Most doctors don't have the time to go into detailed discussions about all the options on the table. If I try to explain to my elderly male patients why prostate cancer screening doesn't always help, or inform young adults that antibiotics aren't necessary for most sinus infections, it would take much more time than the 15 minutes that I can give for a routine office visit. In many cases, it's quicker to simply order a test or prescribe a drug, which takes seconds, rather than go into the pros and cons of a treatment path.

The medical community needs to come up with strong incentives to encourage doctors to spend more time educating their patients about the harms of over-testing, and soliciting their input when considering various options. When patients play an active role in their medical decisions, studies show they tend to choose less aggressive treatment paths.

There's also the threat of malpractice, which makes it difficult for doctors to rein in tests. A recent survey of 1,214 orthopedic surgeons found that 30% of the tests they ordered didn't help patients, and were mainly aimed at reducing exposure to liability suits. If doctors who restrict unnecessary testing according to the new guidelines can be provided with appropriate legal protection, then it's more likely that they will actually do so.

Finally, whenever the topic of limiting tests is raised in today's partisan environment, the specter of rationing is often brought up. Back in 2009 when a recommendation against routine mammograms for women age 40 to 49 came out, there was a backlash despite the fact that the basis for it was scientifically reasonable. Politicizing medical recommendations that are backed by solid research will only hinder doctors from doing a better job.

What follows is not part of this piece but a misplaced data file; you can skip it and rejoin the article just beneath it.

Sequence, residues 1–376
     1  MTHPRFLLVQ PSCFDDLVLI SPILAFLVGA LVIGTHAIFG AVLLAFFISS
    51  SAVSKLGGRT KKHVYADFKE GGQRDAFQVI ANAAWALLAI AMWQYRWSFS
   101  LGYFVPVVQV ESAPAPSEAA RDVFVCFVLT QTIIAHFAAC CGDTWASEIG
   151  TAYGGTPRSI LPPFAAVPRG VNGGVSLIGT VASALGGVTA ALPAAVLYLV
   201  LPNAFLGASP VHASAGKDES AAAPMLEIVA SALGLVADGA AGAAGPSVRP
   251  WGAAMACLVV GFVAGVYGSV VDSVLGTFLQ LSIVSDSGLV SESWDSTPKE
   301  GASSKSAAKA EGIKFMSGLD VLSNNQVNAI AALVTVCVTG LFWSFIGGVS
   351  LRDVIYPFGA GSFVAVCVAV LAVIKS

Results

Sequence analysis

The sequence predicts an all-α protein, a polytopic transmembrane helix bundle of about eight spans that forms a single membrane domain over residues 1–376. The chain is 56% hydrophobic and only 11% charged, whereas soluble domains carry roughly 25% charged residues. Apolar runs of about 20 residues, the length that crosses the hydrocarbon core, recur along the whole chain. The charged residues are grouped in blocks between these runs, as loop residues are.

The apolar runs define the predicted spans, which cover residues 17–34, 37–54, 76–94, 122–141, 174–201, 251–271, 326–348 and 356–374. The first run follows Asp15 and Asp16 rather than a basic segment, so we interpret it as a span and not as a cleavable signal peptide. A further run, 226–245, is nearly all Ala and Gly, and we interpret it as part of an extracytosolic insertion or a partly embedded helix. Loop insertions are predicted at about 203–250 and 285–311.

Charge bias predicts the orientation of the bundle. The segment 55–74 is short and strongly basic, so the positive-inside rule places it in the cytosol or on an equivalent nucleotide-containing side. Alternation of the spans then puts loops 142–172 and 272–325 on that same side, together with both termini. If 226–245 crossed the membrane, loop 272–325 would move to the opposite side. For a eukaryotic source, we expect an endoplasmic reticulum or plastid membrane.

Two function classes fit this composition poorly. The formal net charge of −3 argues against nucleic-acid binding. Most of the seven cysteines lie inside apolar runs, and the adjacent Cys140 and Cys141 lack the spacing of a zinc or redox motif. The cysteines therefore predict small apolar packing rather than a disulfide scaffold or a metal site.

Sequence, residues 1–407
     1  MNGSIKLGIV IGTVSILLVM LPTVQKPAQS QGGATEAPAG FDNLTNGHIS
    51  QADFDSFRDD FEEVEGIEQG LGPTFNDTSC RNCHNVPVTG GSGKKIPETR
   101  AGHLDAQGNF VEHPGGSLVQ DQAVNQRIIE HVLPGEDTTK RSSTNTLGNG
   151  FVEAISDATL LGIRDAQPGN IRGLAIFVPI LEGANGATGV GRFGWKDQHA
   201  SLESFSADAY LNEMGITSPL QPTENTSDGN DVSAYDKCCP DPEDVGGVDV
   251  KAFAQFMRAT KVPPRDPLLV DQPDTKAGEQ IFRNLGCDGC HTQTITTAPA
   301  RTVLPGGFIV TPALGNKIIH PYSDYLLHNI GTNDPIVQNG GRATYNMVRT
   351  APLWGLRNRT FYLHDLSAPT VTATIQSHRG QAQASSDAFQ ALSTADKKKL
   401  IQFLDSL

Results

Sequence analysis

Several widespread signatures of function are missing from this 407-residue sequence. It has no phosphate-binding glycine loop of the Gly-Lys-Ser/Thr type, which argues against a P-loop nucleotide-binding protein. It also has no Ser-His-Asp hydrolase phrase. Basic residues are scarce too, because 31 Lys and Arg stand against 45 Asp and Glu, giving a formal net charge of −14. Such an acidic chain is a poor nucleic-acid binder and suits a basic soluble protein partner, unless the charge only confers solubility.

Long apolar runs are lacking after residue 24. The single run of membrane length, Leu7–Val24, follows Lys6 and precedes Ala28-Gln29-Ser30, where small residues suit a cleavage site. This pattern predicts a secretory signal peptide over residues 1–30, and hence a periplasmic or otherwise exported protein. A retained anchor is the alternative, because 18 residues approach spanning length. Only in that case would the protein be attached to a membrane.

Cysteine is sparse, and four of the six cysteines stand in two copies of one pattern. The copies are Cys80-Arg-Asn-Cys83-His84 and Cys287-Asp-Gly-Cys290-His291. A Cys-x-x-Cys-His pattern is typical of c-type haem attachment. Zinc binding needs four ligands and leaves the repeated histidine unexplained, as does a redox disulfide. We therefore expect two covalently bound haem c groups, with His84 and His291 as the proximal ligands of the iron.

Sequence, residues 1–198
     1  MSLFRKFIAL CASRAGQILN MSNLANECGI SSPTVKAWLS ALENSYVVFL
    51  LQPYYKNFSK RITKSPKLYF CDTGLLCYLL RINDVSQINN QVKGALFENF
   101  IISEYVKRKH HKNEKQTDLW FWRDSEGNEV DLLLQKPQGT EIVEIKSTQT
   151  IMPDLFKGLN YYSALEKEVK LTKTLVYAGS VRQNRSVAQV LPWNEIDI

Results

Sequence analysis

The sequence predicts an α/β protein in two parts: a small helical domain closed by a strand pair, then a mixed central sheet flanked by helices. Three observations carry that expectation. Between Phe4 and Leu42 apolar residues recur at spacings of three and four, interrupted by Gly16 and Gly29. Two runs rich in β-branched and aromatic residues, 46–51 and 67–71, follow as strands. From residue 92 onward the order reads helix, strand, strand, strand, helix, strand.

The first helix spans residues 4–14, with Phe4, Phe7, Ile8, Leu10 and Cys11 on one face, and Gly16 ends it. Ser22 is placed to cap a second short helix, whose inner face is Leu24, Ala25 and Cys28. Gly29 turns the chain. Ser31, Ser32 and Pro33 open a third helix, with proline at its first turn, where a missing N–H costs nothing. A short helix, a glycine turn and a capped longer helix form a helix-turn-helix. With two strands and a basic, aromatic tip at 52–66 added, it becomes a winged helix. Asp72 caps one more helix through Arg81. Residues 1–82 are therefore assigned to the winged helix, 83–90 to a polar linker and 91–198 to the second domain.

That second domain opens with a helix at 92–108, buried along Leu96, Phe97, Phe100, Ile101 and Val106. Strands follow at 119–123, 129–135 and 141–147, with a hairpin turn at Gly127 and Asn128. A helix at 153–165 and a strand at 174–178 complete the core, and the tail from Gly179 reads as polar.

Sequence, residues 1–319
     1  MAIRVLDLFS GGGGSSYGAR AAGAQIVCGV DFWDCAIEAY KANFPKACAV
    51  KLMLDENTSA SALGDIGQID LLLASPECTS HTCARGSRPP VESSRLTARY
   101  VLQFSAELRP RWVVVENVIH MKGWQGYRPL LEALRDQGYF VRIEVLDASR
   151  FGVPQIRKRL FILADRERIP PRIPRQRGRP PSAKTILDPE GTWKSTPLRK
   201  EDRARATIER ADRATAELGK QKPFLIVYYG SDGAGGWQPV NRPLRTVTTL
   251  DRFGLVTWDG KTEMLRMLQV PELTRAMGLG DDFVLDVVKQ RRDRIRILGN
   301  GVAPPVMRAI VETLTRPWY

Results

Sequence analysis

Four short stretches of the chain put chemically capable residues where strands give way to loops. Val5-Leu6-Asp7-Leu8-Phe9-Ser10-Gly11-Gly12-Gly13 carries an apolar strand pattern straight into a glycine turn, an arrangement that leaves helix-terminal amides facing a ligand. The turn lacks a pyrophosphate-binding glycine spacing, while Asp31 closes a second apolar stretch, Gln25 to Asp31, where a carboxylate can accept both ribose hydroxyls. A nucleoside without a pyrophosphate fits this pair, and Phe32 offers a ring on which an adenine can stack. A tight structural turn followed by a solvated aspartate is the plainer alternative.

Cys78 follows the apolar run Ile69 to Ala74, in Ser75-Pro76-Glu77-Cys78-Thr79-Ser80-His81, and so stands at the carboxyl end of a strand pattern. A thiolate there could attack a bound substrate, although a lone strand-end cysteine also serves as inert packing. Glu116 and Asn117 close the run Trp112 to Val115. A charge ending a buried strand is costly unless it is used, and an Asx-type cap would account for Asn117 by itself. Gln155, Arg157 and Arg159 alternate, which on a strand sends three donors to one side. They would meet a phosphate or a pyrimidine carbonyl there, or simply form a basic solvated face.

Today, discussing whether tests and treatments actually help patients or cause more harm doesn't happen nearly enough. By providing a specific list of procedures to question -- and to cut down -- the medical community hopes to push us in the right direction. More people need to realize that limiting unnecessary tests is not rationing. It's a way to potentially cut the waste out of our health system, and also reminds doctors of a promise they make to each and every patient: a promise to do no harm.

Follow us on Twitter @CNNOpinion

Join us on Facebook/CNNOpinion

The opinions expressed in this commentary are solely those of Kevin Pho.

ADVERTISEMENT
Part of complete coverage on
updated 6:03 PM EDT, Tue August 19, 2014
It used to be billy clubs, fire hoses and snarling German shepherds. Now it's armored personnel carriers and flash-bang grenades, writes Kara Dansky.
updated 1:27 PM EDT, Wed August 20, 2014
Maria Haberfeld: People who are unfamiliar with police work can reasonably ask, why was an unarmed man shot so many times, and why was deadly force used at all?
updated 5:52 PM EDT, Mon August 18, 2014
Ruben Navarrette notes that this fall, minority students will outnumber white students at America's public schools.
updated 5:21 PM EDT, Tue August 19, 2014
Humans have driven to extinction four marine mammal species in modern times. As you read this, we are on the brink of losing the fifth, write three experts.
updated 7:58 AM EDT, Tue August 19, 2014
It's been ten days since Michael Brown was killed, and his family is still waiting for information from investigators about what happened to their young man, writes Mel Robbins